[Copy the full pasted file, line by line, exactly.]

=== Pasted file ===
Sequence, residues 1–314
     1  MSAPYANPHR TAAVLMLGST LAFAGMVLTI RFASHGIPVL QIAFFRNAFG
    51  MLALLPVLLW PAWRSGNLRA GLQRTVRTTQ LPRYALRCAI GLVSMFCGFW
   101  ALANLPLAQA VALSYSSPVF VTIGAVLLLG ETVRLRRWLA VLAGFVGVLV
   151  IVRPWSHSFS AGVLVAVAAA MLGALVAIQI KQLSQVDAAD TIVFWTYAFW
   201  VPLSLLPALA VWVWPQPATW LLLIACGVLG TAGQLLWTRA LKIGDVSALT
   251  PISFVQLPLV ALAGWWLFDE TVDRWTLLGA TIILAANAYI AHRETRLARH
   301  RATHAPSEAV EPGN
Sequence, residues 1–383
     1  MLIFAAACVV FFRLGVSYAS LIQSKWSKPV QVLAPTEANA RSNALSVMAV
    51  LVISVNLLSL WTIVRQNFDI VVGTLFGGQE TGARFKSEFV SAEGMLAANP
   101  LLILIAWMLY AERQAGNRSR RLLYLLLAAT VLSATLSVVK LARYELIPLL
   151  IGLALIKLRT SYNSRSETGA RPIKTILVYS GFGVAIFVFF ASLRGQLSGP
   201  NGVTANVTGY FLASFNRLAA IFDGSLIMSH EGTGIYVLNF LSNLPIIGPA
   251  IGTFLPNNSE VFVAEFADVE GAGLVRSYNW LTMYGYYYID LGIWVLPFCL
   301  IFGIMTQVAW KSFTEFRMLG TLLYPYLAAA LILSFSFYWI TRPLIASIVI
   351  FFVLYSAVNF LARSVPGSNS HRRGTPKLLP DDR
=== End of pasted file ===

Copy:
Sequence, residues 1–314
     1  MSAPYANPHR TAAVLMLGST LAFAGMVLTI RFASHGIPVL QIAFFRNAFG
    51  MLALLPVLLW PAWRSGNLRA GLQRTVRTTQ LPRYALRCAI GLVSMFCGFW
   101  ALANLPLAQA VALSYSSPVF VTIGAVLLLG ETVRLRRWLA VLAGFVGVLV
   151  IVRPWSHSFS AGVLVAVAAA MLGALVAIQI KQLSQVDAAD TIVFWTYAFW
   201  VPLSLLPALA VWVWPQPATW LLLIACGVLG TAGQLLWTRA LKIGDVSALT
   251  PISFVQLPLV ALAGWWLFDE TVDRWTLLGA TIILAANAYI AHRETRLARH
   301  RATHAPSEAV EPGN
Sequence, residues 1–383
     1  MLIFAAACVV FFRLGVSYAS LIQSKWSKPV QVLAPTEANA RSNALSVMAV
    51  LVISVNLLSL WTIVRQNFDI VVGTLFGGQE TGARFKSEFV SAEGMLAANP
   101  LLILIAWMLY AERQAGNRSR RLLYLLLAAT VLSATLSVVK LARYELIPLL
   151  IGLALIKLRT SYNSRSETGA RPIKTILVYS GFGVAIFVFF ASLRGQLSGP
   201  NGVTANVTGY FLASFNRLAA IFDGSLIMSH EGTGIYVLNF LSNLPIIGPA
   251  IGTFLPNNSE VFVAEFADVE GAGLVRSYNW LTMYGYYYID LGIWVLPFCL
   301  IFGIMTQVAW KSFTEFRMLG TLLYPYLAAA LILSFSFYWI TRPLIASIVI
   351  FFVLYSAVNF LARSVPGSNS HRRGTPKLLP DDR